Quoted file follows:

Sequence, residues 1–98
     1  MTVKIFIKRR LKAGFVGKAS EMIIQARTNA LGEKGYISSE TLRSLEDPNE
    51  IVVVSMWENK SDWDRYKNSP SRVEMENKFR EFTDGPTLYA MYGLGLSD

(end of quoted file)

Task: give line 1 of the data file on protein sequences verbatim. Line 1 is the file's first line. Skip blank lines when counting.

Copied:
Sequence, residues 1–98